This week, dignitaries and Western military veterans celebrated the 70th anniversary of the Berlin airlift, the mammoth yearlong effort to break a ground blockade by the Soviet Union. Whether the United States and its allies would go to the same length to support an ally today, however, remains a very open question.

That, at least, appears the growing belief in Moscow and Beijing, both intent on pressuring their neighbors who are also U.S. allies. It's a perception the U.S. military is going to increasing lengths to counter, despite — or perhaps in some respects because of — questions over where U.S. President Donald Trump himself stands. That uncertainty, however, risks opening the door to ever more dangerous confrontations.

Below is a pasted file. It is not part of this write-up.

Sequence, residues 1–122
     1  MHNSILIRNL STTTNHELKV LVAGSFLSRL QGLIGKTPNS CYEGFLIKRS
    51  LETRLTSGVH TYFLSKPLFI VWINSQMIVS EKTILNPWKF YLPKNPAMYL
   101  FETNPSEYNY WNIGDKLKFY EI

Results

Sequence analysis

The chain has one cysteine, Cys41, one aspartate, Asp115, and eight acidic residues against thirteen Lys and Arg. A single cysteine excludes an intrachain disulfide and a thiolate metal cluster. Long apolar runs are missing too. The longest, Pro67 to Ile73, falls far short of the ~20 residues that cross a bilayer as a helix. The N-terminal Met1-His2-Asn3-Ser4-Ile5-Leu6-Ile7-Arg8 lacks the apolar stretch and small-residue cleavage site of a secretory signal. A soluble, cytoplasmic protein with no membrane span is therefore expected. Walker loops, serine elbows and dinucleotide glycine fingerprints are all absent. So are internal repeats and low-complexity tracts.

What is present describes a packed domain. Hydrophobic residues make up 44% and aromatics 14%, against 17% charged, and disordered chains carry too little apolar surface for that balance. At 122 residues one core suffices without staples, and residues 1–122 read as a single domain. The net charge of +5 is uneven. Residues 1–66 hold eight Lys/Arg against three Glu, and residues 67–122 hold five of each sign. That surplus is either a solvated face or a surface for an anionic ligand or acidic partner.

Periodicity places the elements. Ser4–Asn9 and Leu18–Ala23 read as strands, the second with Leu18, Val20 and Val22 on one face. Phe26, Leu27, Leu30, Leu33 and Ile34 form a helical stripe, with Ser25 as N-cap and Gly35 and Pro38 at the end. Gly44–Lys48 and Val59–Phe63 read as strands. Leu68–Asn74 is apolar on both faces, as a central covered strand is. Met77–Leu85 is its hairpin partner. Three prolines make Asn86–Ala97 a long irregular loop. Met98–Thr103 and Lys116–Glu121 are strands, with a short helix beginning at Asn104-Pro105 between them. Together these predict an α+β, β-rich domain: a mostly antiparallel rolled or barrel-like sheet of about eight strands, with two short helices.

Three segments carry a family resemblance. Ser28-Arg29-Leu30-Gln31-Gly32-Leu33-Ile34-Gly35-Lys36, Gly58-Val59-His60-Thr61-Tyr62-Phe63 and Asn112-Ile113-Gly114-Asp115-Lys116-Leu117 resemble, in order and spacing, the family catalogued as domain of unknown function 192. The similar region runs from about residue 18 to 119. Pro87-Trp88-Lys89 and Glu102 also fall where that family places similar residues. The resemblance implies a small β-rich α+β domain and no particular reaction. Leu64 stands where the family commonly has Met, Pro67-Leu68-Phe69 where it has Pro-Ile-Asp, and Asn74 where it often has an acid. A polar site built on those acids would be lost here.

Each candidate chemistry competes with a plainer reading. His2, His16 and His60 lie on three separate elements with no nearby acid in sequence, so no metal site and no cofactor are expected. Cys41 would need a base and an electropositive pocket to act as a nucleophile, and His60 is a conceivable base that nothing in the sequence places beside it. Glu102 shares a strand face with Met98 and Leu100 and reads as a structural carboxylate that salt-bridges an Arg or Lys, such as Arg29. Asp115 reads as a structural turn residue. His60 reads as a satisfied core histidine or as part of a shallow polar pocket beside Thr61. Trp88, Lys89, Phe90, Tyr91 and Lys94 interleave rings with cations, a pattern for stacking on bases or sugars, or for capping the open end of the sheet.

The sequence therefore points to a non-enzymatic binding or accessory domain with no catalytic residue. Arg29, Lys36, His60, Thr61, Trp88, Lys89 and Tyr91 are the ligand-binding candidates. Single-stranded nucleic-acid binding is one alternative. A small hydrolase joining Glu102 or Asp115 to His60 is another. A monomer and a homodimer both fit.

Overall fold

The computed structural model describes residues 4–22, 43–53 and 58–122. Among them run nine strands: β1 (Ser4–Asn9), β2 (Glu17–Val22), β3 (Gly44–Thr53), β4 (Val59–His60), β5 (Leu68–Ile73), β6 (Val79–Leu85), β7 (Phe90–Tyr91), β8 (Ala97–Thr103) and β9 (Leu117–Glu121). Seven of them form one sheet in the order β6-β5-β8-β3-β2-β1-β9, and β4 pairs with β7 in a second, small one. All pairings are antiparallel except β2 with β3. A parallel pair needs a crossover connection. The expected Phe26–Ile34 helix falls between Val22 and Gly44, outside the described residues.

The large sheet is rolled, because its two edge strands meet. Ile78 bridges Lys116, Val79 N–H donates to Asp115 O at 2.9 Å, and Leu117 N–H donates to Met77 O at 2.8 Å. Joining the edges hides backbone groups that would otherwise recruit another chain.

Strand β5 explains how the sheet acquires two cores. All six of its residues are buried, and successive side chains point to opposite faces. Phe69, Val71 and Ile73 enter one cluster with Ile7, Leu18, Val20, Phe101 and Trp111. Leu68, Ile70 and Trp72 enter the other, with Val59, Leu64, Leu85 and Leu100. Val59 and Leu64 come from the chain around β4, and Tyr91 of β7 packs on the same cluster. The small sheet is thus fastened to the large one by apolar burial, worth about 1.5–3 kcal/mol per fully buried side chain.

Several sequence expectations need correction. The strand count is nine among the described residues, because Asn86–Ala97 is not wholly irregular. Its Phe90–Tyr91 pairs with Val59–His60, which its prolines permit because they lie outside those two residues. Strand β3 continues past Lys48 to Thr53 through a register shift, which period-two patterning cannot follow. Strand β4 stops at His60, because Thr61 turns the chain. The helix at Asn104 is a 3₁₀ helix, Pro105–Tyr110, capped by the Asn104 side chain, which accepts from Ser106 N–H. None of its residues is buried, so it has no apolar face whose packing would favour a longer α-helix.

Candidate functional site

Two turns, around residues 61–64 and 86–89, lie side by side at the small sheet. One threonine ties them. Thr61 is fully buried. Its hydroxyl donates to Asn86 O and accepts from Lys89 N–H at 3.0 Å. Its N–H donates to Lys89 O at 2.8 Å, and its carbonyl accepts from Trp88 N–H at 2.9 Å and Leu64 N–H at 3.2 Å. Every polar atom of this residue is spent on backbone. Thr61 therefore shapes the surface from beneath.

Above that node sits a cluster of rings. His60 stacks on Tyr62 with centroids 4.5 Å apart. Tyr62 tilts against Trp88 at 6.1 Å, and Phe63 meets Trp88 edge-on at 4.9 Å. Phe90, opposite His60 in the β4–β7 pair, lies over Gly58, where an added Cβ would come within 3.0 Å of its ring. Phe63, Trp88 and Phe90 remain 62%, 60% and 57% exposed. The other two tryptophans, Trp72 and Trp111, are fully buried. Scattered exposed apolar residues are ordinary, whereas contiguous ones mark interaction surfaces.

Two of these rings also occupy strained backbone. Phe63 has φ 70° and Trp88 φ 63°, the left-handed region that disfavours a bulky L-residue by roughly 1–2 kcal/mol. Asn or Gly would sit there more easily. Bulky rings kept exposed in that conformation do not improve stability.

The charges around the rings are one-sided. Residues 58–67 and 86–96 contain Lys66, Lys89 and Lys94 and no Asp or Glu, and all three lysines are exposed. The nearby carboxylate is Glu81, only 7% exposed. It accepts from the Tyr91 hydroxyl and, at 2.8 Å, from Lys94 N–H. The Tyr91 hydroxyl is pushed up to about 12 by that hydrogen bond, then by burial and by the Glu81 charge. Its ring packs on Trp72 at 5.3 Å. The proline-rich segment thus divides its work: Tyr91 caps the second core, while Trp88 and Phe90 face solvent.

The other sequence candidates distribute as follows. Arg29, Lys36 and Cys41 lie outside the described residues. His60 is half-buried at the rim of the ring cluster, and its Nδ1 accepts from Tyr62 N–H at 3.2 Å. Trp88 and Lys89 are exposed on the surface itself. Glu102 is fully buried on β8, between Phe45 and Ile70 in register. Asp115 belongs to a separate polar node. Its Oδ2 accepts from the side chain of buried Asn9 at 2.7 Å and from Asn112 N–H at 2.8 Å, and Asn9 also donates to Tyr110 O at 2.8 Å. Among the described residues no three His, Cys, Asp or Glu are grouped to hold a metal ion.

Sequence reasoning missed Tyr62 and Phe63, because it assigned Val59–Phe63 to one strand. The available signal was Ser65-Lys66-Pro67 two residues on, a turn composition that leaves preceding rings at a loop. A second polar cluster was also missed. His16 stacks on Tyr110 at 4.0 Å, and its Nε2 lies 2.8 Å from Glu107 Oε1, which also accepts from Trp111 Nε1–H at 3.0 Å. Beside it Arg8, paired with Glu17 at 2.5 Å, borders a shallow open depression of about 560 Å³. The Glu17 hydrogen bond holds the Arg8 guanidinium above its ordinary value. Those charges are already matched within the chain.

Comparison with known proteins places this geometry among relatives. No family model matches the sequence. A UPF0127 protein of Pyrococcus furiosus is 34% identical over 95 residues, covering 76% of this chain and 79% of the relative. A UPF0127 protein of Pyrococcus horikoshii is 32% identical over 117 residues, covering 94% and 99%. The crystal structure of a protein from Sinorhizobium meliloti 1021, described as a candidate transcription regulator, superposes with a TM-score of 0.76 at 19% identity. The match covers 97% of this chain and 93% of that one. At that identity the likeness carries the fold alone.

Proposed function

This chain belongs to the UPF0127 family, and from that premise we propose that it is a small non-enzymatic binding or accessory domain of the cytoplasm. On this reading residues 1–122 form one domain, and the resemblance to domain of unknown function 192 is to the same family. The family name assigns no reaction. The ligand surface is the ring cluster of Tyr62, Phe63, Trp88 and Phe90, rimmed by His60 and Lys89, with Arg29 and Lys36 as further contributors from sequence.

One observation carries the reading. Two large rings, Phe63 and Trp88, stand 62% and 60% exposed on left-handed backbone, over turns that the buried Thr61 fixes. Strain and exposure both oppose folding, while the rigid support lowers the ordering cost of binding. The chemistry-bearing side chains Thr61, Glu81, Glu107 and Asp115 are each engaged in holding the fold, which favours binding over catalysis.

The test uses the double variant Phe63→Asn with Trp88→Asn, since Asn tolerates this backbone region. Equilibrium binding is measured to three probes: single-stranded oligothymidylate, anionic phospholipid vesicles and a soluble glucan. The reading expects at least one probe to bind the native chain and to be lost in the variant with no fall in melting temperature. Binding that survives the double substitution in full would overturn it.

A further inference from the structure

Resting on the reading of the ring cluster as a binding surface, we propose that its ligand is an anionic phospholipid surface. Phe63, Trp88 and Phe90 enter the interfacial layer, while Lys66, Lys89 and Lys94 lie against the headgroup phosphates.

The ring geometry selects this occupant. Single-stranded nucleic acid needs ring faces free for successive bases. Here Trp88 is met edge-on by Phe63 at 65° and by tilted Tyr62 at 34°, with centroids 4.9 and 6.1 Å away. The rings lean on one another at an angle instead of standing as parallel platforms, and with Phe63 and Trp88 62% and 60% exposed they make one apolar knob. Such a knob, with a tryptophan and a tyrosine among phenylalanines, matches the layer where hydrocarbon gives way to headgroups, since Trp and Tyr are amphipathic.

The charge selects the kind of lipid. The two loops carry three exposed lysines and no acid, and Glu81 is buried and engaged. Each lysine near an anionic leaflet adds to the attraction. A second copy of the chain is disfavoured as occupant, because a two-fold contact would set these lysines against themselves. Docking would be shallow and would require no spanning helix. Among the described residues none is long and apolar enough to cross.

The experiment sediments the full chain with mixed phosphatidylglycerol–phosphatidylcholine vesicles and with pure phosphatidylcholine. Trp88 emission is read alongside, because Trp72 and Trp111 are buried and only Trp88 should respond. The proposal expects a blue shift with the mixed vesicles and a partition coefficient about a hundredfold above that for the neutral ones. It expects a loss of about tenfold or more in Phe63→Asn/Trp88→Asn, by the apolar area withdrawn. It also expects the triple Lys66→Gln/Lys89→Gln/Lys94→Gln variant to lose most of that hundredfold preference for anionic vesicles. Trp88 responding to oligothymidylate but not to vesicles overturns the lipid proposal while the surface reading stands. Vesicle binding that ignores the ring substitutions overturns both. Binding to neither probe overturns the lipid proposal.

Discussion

The question goes to the heart of the always messy paradox of deterrence. The readier countries are to band together against an aggressive but powerful state determined to get its way, the less likely such a conflict is to happen. But it also points to a way in which the world has changed. Even the most powerful nations, whether U.S. allies or adversaries, are increasingly tied into a globalized supply chain beyond anyone's control. That makes Berlin-style blockades much harder to envisage — but it also means nations lack the military or other resources to get around them if they happen.